It’s being kept secret from the population, which of course raises obvious questions. And we even have some answers to those questions because one part of it leaked. It was leaked and released by WikiLeaks. It’s the section on Intellectual Property Rights. And what were called “intellectual property rights” are simply highly protectionist measures introduced to maximize profits for pharmaceutical corporations, huge media conglomerates and so on.
It’s called free trade. But that’s just a joke. These are extremely highly protectionist measures designed to undermine freedom of trade. And in fact much of what’s leaked about TPP indicates it’s not even about trade at all. It’s about investor rights, very much like NAFTA and the World Trade Organization rules.
They’re called “free trade agreements” but in fact they’re…it’s kind of a mixture of the elements of liberalization and highly protectionist measures and an array of investor rights which have nothing to do with trade. Actually one economist, Dean Baker, a very good economist, suggested that he would take his old car and name it a “free trade agreement” and then he could sell it for millions of dollars to the press. Well that’s pretty much what’s happening.
So we can’t say a lot about TPP but the little we can say is that it looks like yet another device concealed from the public for good reasons which is designed to carry forward the neoliberal projects to maximize profits and domination and to set the working people of the world in competition with one another so as to lower wages and increase insecurity. But to protect at the same time those who are sometimes called the plutonomy*, who are the ones that really matter — the top wealth sector throughout the world, highly concentrated in the United States but elsewhere too… also China, Russia and other places. [*Refers to economies where economic growth is powered by and largely consumed by the wealthy few].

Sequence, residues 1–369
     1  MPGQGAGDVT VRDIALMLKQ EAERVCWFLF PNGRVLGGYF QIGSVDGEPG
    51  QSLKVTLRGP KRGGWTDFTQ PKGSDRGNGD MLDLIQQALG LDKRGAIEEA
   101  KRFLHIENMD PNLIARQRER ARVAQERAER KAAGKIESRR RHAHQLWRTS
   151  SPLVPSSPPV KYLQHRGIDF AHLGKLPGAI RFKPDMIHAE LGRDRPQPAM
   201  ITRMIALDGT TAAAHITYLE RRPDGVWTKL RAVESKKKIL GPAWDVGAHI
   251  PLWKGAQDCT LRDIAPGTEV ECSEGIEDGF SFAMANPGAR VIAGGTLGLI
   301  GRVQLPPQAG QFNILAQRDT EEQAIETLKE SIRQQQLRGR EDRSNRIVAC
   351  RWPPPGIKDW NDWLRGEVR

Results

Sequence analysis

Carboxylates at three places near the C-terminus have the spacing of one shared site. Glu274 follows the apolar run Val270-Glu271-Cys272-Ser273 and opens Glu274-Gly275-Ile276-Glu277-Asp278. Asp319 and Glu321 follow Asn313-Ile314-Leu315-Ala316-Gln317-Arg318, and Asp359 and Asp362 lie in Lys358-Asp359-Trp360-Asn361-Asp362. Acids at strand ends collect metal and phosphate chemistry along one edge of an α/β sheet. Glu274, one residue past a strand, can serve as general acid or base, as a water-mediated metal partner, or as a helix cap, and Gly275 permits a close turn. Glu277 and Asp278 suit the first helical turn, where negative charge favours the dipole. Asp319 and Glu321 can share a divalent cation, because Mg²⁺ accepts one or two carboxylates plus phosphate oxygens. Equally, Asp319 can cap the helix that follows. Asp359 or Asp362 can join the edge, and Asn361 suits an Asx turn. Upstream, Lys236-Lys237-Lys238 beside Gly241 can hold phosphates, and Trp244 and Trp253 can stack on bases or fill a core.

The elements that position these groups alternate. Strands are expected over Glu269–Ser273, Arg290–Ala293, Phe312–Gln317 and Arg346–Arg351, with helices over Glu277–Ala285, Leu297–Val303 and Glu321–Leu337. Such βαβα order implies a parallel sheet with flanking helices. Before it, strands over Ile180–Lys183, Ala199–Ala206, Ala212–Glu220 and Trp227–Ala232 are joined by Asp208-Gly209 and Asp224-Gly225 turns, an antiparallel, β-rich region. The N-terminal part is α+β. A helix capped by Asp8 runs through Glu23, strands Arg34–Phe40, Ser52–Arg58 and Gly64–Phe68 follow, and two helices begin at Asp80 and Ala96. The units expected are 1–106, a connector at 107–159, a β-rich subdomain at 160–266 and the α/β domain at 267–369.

They’re the ones who count. And the rest of the world will become what’s sometimes called the precariat**, the people who try to survive at a precarious level. [**In sociology and economics, the precariat is a social class formed by people suffering from precarity, which is a condition of existence without predictability or security].
You take a look at the wage level of working people in the United States. It’s startling. I don’t remember the exact numbers but a high percentage, forty percent or so, are actually living below the poverty line. The poverty line is much too… is ridiculously low.
This is the neoliberal assault. And the TPP from what we know of it looks like another step towards carrying out these long-terms goals. And it’s very understandable that it should be kept secret from the public. Why should people be allowed to know what’s happening to them?
“People are being left behind big time,” says BC low-earner Laura Cairns, posted September 29, 2015 — “At 56, Laura Cairns knows what it’s like to try to get by for years on minimum-wage jobs. It’s like a treadmill, she says, one on which you’re always falling behind…. ‘Until we stand up and say we’re not going to accept this crap anymore — and regulate it so we can at least earn a certain amount of money to attain a certain standard of living — we will continue sliding down the way we’re going. People will go further and further into debt, become more and more stressed, and get sicker and sicker. There is a crisis, and people don’t understand that.’ ”